Perhaps this is a frightening prospect. But is it more frightening than the prospect of more Hiroshimas, Biafras, Darfurs, Gulags or Kristallnachten? This book doesn't have an answer for such questions; but one day they will have to be asked and answered.
The combination of technological possibility with consumer demand and cultural pressures will ensure that major change will occur in the human genome during the remainder of this century. And these changes will increasingly come about because of the conscious will of individuals and society, rather than as the result of Darwinian evolution as such.
By the end of the century, human genetic variation will be greater than it is now on the dimension of desired characteristics, but narrower than it is now on the dimension of 'undesirable' characteristics such as vulnerability to disease or propensity to 'antisocial' behaviours.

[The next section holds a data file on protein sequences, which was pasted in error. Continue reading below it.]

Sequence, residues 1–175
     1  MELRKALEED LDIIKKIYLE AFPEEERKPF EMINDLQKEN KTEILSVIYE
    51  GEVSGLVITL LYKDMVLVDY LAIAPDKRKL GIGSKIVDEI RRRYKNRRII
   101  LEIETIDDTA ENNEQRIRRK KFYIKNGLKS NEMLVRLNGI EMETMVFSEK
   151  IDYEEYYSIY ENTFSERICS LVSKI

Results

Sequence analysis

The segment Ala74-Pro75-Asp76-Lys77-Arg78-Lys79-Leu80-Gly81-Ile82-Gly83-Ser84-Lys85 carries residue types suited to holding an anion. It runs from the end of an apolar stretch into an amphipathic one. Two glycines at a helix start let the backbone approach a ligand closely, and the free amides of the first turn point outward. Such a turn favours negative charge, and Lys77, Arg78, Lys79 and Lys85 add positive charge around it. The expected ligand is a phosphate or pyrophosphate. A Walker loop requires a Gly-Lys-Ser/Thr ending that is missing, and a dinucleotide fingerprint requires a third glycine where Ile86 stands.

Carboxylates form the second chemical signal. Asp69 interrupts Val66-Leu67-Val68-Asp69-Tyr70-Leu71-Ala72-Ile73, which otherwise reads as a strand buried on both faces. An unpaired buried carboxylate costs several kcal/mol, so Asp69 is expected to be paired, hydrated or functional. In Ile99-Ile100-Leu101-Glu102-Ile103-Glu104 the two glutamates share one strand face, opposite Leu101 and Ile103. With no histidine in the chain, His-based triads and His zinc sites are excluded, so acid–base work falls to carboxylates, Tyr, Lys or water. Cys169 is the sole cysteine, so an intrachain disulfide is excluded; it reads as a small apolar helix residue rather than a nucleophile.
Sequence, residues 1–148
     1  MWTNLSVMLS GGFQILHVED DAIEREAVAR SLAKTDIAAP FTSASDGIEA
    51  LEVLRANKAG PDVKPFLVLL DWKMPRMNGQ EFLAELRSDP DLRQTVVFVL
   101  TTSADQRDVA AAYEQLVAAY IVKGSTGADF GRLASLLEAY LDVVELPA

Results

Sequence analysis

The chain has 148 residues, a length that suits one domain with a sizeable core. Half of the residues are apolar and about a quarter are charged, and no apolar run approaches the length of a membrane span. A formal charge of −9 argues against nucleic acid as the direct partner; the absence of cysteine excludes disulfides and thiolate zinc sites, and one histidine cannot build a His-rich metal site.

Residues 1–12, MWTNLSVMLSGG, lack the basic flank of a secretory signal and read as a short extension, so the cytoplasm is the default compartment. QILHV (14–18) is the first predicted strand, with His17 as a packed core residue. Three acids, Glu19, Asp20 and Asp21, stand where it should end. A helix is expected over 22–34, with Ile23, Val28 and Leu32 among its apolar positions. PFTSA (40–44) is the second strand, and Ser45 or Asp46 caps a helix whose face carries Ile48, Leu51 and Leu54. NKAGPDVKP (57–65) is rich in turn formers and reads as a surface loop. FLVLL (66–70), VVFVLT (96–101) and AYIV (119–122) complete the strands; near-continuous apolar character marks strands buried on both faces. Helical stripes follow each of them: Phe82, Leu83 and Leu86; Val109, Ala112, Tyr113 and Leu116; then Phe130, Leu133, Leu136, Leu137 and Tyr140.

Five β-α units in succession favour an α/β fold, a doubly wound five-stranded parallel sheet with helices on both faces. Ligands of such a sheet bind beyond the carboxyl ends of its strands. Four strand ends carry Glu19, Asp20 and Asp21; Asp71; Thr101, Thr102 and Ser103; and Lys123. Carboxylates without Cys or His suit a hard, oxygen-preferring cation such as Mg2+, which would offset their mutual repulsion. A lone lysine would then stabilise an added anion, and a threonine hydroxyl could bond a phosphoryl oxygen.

Theoretically, humans will already be effectively immortal in bodily terms through a combination of bionic prostheses and genetic adaptation to ageing processes.
Robots will equal or exceed humans in terms of most types of cognitive ability; but the distinction between humans and robots will be more or less academic in the sense that humans will be able to inhabit the brains of robots through wireless or magnetic links, making them (the robots) no more than extensions of the human brain, on a level with an arm or a leg. Such developments are explored in the next two chapters.